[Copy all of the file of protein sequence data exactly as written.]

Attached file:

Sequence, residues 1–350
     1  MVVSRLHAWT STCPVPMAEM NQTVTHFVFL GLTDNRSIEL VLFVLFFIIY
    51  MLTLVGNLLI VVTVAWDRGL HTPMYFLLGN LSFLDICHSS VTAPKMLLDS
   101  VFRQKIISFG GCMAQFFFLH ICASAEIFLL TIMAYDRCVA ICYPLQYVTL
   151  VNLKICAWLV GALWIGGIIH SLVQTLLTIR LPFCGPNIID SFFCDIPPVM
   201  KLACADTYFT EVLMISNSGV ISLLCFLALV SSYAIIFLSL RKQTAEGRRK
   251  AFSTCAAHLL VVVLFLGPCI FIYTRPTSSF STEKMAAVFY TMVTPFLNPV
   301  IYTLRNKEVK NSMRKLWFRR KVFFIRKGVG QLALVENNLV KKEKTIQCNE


Sequence, residues 1–350
     1  MVVSRLHAWT STCPVPMAEM NQTVTHFVFL GLTDNRSIEL VLFVLFFIIY
    51  MLTLVGNLLI VVTVAWDRGL HTPMYFLLGN LSFLDICHSS VTAPKMLLDS
   101  VFRQKIISFG GCMAQFFFLH ICASAEIFLL TIMAYDRCVA ICYPLQYVTL
   151  VNLKICAWLV GALWIGGIIH SLVQTLLTIR LPFCGPNIID SFFCDIPPVM
   201  KLACADTYFT EVLMISNSGV ISLLCFLALV SSYAIIFLSL RKQTAEGRRK
   251  AFSTCAAHLL VVVLFLGPCI FIYTRPTSSF STEKMAAVFY TMVTPFLNPV
   301  IYTLRNKEVK NSMRKLWFRR KVFFIRKGVG QLALVENNLV KKEKTIQCNE